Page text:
Com­pa­nies may need a pol­icy on work emails and calls af­ter hours

The right to dis­con­nect from tech­nol­ogy must be ad­dressed, says Kate Wy­att

The Scotsman - - Friends Of The Scotsman / Law And Legal Affairs -

Re­cent le­gal de­vel­op­ments have raised the stakes on out-of-hours com­mu­ni­ca­tions, and there are grow­ing calls to give work­ers the right to dis­con­nect.

In ad­di­tion, a wide range of multi­na­tion­als – in­clud­ing Volk­swa­gen and Axa – have in­tro­duced com­pany poli­cies against work­ers’ ‘hy­per­con­nect­ed­ness’. It’s all part of a drive to pro­tect work­ers against burnout and 24/7 work pres­sures.

There are no plans to in­tro­duce a le­gal right to dis­con­nect in the UK, but staff well­be­ing and en­gage­ment are is­sues for ev­ery busi­ness, re­gard­less of lo­ca­tion. De­vel­op­ments in Europe and the US on the right to dis­con­nect could of­fer point­ers on pos­si­ble prob­lems, or so­lu­tions, in your own busi­ness.

In France, or­gan­i­sa­tions with more than 50 work­ers must now ne­go­ti­ate on em­ploy­ees’ rights to ig­nore their smart­phones and other de­vices out­side work­ing hours. The law, called the El Khomri law, af­ter the min­is­ter who in­tro­duced it, of­fers com­pa­nies

a sub­stan­tial de­gree of flex­i­bil­ity in how they im­ple­ment this right. How­ever, the right to dis­con­nect does have teeth, as a re­cent case shows.

In July 2018 the French supreme court, the Cour de Cas­sa­tion, ruled that a French branch of the British firm Ren­tokil Ini­tial had failed to re­spect a se­nior em­ployee’s right to dis­con­nect. It had re­quired him to be con­tin­u­ally avail­able by tele­phone to deal with prob­lems raised by ju­nior staff or cus­tomers – in­clud­ing when he was not at work. This, the court found, con­tra­vened French law, and he was awarded €60,000.

Per­haps even more un­set­tling for em­ploy­ers is a case in Ire­land, where the em­ployee had vol­un­tar­ily re­mained con­nected.

The em­ployee, a busi­ness devel­op­ment ex­ec­u­tive, said she’d been obliged to re­main on­line in order to

com­plete her du­ties. This took her well over the statu­tory max­i­mum 48 work­ing hours a week.

Un­der Ir­ish leg­is­la­tion, em­ploy­ers must not ‘per­mit’ em­ploy­ees to work in ex­cess of the weekly limit. Here, the em­ployer had done just that, by be­ing aware that the em­ployee was work­ing sub­stan­tial hours over the limit and fail­ing to do any­thing to stop it. The em­ployee was awarded €7,500. So what are the lessons for busi­ness? While the French and Ir­ish cases both in­volve na­tional law, there are lessons to be learned, not least that good house­keep­ing on work­ing time is im­por­tant, such as keep­ing records of work­ing time and tak­ing ap­pro­pri­ate ac­tion if staff are work­ing longer than their con­tracted hours.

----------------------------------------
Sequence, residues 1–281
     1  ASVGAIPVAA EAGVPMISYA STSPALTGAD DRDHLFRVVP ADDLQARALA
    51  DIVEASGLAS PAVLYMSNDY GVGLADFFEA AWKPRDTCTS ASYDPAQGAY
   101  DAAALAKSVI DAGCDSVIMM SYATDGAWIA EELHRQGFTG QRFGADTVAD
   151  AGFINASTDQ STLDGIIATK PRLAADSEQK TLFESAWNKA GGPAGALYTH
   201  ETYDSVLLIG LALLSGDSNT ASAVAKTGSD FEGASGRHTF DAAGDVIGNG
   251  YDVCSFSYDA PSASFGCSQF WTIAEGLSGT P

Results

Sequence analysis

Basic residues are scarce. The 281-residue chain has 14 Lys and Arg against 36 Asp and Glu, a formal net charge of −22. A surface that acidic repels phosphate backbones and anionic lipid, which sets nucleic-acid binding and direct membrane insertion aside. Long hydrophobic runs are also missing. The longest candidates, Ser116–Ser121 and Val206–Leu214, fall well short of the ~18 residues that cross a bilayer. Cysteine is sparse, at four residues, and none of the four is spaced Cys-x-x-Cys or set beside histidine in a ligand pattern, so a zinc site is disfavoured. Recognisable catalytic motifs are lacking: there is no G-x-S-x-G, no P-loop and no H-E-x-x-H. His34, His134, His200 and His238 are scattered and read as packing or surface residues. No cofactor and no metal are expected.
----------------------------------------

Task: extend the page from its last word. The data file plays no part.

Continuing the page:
A se­cond les­son is that the tide may be un­stop­pable. The EU is propos­ing to strengthen the right to dis­con­nect,

and Italy has in­tro­duced a right for some work­ers to be ‘dis­con­nected from tech­no­log­i­cal equip­ment’.

And across the At­lantic, New York City Coun­cil is con­sid­er­ing a law that would ban com­pa­nies from re­quir­ing work­ers to re­spond to out-ofhours com­mu­ni­ca­tions. Em­ploy­ers would still be able to send them, but wouldn’t be able to dis­ci­pline work­ers for ig­nor­ing them.

Does all this mean that UK em­ploy­ers should do more to per­mit – even oblige – staff to ‘dis­con­nect’ out­side work­ing hours? per­haps not. be­cause it’s worth bear­ing in mind that the right (or obli­ga­tion) to dis­con­nect is not every­one’ s cup of tea. for in­stance, many peo­ple like the op­tion to leave work promptly, and then catch up with emails later in the evening, or on their morn­ing com­mute. In an in­ter­na­tional or­gan­i­sa­tion, out-of-hours avail­abil­ity may be vi­tal to al­low calls across time zones.

As a re­sult, sim­ply lim­it­ing out-ofhours mes­sag­ing or ac­cess to emails may alien­ate as many staff as it pleases. But we do rec­om­mend start­ing a con­ver­sa­tion busi­ness-wide, gaug­ing staff con­cerns and pref­er­ences, and tri­alling pos­si­ble so­lu­tions.

When do­ing this, there are two im­por­tant thing store mem­ber. first, the con­ver­sa­tion should in­clude peo­ple at dif­fer­ent lev­els of se­nior­ity, with var­ied work­ing pat­terns. Se­cond, se­nior staff have to set the cul­ture. If you do adopt a com­pany pol­icy, you should fol­low it your­self. Kate Wy­att is a part­ner in Lind­says’ Em­ploy­ment team

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